Last week, the Dudley Flood Center for Educational Equity and Opportunity released its “2023 Equity Forward Report,” which highlights “the work of the Center since its inception to directly address the growing needs due to continued breaches by the state to fully fund and implement the Leandro Comprehensive Remedial Plan,” says a note accompanying the report signed by Dr. Dudley Flood, the Center’s namesake, and Dr. Deanna Townsend-Smith, the Center’s senior director.
Who is Dr. Flood?
For many who work in education in North Carolina, Dr. Flood needs no introduction.
“Dr. Dudley Flood is an educator and champion of school integration in North Carolina. In the years following the Brown v. Board of Education decision that mandated school desegregation in the United States, Dr. Flood traveled to every corner of the state to unite divided communities and work toward integrating our public schools,” says the Center’s website.
Possibility as the greatest motivator
The report was issued with a note from Flood and Townsend-Smith, which says in part:
Equity reflects a state in which every person’s identity, power, opportunity, and potential are fully realized and life outcomes are no longer predicted by characteristics such as race, economics, ethnicity, location, gender, sexuality, nor disability. We fully believe and embrace that the greatest motivator is possibility….we are not there yet. We will get there, but we will only do that if we keep the faith and believe there is a destination. We look forward to being a constant support for our state as we work together to eradicate inequities. Together, we can and will co-create the change we need to see.— 2023 Equity Forward Report (emphasis as is in the original)
What is the Center’s framework for change?
The Center’s unique framework for change elevates care as foundational to equity.
The framework has three guiding principles — dignity, respect, and well-being — and utilizes six research-based core competencies to build and maintain equity.
Highlights of the report
Since 2020, the Flood Center has expanded its programming initiatives from its signature event, Color of Education, to 19 programs that support educators, students, and administrators in 42 geographically diverse school districts across the state, says the report.
The Center’s priorities include elevating student voices, recruiting and retaining a diverse educator workforce, advocating for equitable policies and practices, convening diverse stakeholder groups, using data to drive equitable resource allocation, and investing in collective action and impact.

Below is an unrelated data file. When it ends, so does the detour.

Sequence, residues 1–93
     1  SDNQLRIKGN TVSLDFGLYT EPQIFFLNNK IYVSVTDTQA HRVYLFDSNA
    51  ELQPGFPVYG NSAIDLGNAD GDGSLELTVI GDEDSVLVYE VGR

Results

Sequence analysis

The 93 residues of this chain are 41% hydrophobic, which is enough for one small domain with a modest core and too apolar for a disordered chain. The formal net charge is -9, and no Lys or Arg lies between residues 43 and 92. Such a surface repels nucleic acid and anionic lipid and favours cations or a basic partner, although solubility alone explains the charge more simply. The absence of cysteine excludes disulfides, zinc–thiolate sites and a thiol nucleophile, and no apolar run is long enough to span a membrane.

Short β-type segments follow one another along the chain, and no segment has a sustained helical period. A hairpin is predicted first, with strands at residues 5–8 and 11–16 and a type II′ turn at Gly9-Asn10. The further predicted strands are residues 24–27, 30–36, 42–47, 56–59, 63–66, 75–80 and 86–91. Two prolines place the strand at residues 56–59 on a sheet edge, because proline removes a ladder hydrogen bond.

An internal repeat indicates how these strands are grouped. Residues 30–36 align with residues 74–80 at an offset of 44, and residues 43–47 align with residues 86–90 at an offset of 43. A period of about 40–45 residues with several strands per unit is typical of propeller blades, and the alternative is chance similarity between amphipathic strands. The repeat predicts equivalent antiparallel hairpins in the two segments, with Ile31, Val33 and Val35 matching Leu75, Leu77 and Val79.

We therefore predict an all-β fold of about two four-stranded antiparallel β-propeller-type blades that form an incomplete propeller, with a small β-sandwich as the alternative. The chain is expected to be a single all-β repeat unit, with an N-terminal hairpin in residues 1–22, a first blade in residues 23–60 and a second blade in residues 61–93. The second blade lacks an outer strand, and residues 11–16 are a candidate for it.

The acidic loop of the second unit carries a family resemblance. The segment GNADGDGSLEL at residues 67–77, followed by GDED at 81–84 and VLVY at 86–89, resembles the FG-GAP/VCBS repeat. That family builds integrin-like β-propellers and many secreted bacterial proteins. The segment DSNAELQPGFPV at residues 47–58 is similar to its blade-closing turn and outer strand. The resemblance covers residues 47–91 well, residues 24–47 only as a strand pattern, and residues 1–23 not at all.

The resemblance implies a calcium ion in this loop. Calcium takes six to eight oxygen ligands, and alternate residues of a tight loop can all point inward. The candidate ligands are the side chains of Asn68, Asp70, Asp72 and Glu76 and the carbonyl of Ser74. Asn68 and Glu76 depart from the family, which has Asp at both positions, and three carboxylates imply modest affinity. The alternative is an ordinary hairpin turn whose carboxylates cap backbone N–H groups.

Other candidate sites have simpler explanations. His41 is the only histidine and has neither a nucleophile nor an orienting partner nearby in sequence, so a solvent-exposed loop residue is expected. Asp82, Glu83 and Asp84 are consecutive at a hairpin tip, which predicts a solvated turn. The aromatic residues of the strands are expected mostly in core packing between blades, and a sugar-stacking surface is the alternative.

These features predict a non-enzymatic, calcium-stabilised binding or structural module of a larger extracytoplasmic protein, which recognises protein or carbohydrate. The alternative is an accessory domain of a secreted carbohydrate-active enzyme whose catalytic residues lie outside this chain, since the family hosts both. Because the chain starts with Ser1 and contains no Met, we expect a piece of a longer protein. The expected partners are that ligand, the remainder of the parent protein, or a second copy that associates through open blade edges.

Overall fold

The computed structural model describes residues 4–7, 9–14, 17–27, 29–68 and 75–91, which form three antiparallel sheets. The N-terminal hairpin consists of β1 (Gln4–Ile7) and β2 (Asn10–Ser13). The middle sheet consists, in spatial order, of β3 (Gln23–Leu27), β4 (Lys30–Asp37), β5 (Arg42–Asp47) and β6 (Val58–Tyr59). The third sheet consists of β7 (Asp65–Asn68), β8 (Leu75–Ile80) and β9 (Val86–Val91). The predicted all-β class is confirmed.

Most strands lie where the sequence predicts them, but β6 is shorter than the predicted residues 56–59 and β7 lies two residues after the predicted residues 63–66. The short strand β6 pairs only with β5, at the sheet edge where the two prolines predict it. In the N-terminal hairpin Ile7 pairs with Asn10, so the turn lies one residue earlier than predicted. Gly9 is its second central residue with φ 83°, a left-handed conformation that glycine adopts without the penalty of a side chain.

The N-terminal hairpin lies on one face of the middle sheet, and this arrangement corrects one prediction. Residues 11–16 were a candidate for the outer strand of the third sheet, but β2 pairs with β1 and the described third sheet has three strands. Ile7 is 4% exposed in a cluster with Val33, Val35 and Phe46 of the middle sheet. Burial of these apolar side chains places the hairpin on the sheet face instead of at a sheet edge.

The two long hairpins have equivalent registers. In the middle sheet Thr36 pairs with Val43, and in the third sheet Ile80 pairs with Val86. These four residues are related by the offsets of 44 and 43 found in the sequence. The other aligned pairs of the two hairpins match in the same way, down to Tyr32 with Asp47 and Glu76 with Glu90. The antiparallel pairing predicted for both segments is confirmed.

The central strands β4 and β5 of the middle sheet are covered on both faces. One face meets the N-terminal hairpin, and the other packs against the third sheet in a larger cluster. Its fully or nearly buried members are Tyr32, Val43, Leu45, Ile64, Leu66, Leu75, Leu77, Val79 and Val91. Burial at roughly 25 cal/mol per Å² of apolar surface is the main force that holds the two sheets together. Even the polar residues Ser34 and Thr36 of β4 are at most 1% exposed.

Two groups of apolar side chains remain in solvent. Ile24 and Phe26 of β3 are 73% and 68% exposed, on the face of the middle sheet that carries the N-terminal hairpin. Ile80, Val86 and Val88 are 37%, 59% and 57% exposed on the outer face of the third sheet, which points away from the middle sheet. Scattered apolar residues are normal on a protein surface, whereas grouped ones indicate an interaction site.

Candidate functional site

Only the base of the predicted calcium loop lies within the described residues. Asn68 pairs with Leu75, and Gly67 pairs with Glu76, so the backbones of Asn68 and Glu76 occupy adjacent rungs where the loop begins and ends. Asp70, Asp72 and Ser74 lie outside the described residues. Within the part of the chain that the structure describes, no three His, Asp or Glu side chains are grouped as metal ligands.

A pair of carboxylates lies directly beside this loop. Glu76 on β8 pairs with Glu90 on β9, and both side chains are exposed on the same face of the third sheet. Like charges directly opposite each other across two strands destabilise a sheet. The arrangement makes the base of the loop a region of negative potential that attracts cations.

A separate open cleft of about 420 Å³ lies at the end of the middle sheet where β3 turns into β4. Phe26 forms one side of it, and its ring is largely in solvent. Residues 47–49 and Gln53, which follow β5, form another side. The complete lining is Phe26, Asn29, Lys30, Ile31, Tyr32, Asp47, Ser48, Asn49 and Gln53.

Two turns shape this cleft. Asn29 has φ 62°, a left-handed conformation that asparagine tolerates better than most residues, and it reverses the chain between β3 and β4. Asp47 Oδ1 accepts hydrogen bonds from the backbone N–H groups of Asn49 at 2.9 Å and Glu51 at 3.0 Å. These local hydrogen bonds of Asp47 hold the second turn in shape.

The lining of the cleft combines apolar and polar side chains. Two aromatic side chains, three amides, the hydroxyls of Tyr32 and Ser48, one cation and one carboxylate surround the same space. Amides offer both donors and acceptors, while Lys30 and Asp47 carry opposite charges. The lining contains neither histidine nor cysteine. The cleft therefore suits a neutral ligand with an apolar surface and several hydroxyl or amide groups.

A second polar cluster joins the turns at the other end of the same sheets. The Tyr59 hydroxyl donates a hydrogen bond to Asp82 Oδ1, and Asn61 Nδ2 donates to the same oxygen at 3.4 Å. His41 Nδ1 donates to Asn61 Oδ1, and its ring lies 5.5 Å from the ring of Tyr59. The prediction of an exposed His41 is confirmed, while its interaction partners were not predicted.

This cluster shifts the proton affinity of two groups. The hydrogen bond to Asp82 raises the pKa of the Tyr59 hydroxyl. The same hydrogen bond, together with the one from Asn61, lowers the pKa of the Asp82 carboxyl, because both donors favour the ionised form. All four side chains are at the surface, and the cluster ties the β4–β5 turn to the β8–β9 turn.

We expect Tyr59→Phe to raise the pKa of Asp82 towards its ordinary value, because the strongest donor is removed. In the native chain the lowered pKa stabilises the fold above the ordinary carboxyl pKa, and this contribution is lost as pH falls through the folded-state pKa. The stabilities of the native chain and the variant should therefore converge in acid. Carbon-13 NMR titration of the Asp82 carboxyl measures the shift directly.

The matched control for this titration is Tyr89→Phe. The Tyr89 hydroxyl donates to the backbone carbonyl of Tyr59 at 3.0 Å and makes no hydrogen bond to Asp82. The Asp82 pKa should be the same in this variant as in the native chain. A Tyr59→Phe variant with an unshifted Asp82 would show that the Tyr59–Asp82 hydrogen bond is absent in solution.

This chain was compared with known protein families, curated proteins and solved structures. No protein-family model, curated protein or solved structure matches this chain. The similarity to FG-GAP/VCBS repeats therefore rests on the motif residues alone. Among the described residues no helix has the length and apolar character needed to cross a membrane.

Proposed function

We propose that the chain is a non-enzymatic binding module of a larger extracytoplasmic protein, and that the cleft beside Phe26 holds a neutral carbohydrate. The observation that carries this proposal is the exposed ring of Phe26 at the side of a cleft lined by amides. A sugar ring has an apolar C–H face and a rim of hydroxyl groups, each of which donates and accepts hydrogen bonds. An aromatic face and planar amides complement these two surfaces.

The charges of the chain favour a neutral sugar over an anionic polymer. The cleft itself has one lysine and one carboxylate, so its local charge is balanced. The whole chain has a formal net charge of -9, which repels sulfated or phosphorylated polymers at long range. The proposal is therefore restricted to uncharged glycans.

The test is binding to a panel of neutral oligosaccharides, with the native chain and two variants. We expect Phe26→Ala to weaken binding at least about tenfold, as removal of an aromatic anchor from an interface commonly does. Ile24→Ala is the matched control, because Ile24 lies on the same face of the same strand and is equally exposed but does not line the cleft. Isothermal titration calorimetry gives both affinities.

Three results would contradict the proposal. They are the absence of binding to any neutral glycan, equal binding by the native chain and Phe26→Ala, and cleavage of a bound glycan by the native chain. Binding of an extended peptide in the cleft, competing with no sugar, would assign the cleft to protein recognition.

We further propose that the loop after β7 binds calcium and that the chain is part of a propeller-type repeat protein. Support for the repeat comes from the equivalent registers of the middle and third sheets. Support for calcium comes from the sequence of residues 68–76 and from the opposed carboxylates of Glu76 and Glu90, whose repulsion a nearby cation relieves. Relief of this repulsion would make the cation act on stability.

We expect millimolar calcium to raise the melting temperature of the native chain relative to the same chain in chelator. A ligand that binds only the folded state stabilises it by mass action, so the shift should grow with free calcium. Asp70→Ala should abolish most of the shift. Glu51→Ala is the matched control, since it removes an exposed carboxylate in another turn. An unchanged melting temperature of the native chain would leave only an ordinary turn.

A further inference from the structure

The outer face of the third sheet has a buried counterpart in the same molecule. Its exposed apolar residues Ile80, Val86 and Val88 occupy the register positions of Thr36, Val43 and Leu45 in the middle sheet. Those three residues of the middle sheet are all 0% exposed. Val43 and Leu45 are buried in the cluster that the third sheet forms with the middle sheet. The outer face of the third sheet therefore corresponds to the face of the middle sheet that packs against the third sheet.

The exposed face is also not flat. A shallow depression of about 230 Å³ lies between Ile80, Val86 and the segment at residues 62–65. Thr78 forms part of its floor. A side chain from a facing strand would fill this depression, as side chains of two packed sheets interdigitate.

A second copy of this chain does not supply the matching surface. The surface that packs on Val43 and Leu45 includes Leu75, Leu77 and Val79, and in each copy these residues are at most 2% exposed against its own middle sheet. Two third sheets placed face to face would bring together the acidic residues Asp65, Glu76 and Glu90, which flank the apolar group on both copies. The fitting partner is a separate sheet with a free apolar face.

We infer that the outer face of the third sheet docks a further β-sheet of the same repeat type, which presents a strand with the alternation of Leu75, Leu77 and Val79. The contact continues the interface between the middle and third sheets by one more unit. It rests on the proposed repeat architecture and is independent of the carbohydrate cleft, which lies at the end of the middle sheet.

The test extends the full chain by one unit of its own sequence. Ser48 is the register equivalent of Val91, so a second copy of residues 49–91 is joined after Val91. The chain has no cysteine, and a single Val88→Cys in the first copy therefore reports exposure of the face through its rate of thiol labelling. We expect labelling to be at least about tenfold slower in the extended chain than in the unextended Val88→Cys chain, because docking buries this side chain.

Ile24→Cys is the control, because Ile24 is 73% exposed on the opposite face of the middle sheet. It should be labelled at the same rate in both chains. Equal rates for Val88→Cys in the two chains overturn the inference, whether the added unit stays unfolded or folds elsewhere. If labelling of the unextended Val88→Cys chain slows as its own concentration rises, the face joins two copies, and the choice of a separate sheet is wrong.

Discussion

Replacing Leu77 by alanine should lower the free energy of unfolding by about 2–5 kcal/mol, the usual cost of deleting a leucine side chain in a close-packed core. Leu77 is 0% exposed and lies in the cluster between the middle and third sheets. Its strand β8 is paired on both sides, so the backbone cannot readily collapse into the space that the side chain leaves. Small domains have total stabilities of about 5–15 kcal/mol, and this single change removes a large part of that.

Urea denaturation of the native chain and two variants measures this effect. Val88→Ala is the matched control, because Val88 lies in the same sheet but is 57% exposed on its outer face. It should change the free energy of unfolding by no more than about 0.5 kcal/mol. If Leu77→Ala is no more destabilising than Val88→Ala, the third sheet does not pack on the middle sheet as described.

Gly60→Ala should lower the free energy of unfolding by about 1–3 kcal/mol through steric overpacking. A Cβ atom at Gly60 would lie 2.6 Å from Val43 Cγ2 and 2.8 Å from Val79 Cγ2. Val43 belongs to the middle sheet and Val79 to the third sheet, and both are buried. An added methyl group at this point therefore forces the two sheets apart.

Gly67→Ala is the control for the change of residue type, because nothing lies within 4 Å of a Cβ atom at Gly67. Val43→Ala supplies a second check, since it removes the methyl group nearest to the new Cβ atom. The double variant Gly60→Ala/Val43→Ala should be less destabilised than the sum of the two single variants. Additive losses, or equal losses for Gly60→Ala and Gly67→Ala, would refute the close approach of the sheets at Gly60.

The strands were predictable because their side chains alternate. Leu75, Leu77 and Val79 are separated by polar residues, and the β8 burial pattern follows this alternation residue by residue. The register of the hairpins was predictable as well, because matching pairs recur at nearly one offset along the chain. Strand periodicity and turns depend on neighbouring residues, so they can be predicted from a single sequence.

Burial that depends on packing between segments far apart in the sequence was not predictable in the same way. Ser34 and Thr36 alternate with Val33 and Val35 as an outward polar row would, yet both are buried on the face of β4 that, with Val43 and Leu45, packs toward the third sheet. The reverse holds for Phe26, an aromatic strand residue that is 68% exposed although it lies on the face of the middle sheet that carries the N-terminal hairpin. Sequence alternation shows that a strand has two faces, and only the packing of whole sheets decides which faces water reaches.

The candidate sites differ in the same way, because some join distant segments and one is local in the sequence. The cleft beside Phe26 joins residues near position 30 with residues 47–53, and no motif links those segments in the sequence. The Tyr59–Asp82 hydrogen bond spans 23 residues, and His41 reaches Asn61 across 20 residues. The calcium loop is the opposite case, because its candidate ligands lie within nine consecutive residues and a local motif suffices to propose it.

Color of Education
The report says, “Color of Education brings together hundreds of participants each year to build deeper connections across the fields of research, policy, and practice and bring together communities, educators, policymakers, experts, and other key stakeholders focused on developing action-oriented approaches for achieving racial equity in education across the state of North Carolina.”
In October 2023, the Flood Center hosted the 6th Color of Education Summit with more than 800 participants.
Since its inception, Color of Education has drawn 4,300 participants from 37 states to the summit, according to the report.
The work of the DRIVE Task Force continues
In October 2023, the DRIVE Task Force — DRIVE stands for developing a representative and inclusive vision for education — voted unanimously in favor of the Flood Center continuing the next phase of the Task Force’s work. Here you can find more information about DRIVE under the leadership of the Flood Center.
Equity profiles for all 115 school districts
The Flood Center’s website includes an equity profile dashboard.
The profiles, according to the report, are composed of metrics identified as equity indicators for each of North Carolina’s 115 school districts, including student demographics, teacher demographics, resegregation data, per-pupil spending, 4-year graduation rates, access to rigorous courses, disciplinary disparities, and special education data.
To see the data by school district, you will need to know the school district codes. Here they are for 2022-23.
The Rural Teacher Leader Network
The Rural Teacher Leader Network (RTLN) brings together educators from rural districts to lead with equity across four pillars: global learning, trauma-informed strategies, policy and advocacy, and teacher leadership. There have been 3 cohorts, including 100 educators, across 18 counties.
Meet the Jeanes Fellows
The first cohort of Jeanes Fellows consists of educators and leaders representing eight school districts who are participating in collaborative, equity-centered professional learning opportunities to sustain progress in diversifying the educator workforce. Learn more about the history of the Jeanes Teachers and meet the current day Jeanes Fellows here.
The work continues
The report notes, “For far too long, educational inequities have persisted in education. We must continue to respond to the need and support students through our continued support of districts, schools, and those serving to educate the young minds of tomorrow.”
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